Keepers at Taronga Western Plains Zoo have recently celebrated a special birthday with Kufara the Black Rhino turning one!

Kufara was born on 17 February 2010 to first-time mother Bakhita and was the first second-generation rhino to be born at the Zoo.

Over the last 12 months, Kufara has been busy growing steadily both in size and personality.  Kufara has definitely taken on the personality of both parents, with her mother’s confidence and her father’s gentle nature.

Kufara
Kufara, the Black Rhinoceros born at Taronga Western Plains Zoo turned one on 17th February 2011.
“It was an exciting time when Kufara was born and over the past year it has been wonderful watching her grow and develop,” said keeper Katie Boyer. 

Keepers have been working closely with Kufara to build a relationship of trust and cooperation.  A highlight each day for the Black Rhino keepers is the tactile session with Kufara.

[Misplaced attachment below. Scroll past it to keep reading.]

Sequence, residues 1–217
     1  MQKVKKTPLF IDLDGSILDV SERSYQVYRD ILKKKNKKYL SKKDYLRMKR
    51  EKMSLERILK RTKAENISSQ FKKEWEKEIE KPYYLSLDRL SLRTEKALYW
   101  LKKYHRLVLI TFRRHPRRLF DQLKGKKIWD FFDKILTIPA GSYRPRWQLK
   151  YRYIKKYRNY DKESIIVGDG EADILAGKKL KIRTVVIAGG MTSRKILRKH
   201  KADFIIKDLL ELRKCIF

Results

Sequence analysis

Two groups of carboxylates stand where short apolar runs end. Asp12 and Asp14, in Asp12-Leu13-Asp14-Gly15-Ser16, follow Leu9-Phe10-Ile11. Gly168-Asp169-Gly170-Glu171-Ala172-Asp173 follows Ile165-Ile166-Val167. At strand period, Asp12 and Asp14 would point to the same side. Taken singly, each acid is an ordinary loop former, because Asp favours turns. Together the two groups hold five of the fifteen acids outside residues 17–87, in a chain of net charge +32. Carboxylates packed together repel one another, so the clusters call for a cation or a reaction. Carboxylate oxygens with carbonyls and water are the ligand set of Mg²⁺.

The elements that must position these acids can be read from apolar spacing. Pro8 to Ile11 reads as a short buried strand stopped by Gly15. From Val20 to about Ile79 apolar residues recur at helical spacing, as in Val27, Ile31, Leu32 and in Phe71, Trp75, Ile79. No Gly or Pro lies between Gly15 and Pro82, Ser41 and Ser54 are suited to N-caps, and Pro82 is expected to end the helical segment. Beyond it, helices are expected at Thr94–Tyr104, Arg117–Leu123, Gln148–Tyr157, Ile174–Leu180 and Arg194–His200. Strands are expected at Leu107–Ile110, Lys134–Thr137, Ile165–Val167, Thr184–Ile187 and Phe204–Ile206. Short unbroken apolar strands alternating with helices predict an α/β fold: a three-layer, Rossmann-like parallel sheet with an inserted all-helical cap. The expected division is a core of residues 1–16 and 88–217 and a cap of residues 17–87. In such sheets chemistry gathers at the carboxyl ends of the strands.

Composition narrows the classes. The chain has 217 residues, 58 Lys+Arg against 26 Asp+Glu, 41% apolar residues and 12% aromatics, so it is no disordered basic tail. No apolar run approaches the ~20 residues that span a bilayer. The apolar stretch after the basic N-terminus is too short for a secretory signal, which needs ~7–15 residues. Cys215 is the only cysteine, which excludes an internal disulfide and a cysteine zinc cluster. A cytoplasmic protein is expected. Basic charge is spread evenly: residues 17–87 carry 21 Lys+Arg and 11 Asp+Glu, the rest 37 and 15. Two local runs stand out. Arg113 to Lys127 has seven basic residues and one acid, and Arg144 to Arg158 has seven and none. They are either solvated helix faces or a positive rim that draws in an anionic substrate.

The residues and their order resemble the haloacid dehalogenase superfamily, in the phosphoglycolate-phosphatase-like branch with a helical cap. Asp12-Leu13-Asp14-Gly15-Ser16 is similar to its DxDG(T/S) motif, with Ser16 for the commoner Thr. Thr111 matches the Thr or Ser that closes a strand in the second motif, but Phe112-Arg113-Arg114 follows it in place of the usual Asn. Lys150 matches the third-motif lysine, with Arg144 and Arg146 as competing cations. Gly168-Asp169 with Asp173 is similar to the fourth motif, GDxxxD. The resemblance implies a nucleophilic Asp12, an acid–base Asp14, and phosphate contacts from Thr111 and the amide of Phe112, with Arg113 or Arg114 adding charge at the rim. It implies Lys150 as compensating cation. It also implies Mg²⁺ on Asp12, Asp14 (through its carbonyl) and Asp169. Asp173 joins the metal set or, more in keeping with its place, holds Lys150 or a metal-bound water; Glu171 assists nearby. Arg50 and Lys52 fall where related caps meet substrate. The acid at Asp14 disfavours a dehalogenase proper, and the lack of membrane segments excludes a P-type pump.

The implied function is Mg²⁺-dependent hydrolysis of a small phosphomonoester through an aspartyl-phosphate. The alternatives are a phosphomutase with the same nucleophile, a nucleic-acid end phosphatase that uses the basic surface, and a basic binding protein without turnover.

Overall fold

“She really enjoys having her belly rubbed which is great because it allows us as well as veterinary staff to get very close to monitor her health, both now and into the future,” said Katie.  

Kufara has been a popular attraction at the Zoo with thousands of people coming to the Black Rhino exhibit to see this rare new addition over the past year.

“Today we have given Kufara and Bakhita some special treats to mark this milestone.  They have some browse and fruit spikes out in their exhibit which are their favourites,” said Katie.

Taronga Western Plains Zoo is recognised internationally for its Black Rhino breeding program and the research conducted here on site which has produced the world’s first Black Rhino embryo in 2008.

The Black Rhinoceros is classified as critically endangered with only 4230 left in the wild.  Poaching is the single largest threat to its on-going survival in the wild.

Black Rhinoceros Breeding Program

Black Rhinoceros Breeding Program
Poachers in Zimbabwe are decimating this species – numbers dropped from 546 to 432 in 2009 – but Taronga’s breeding program has produced 11 calves.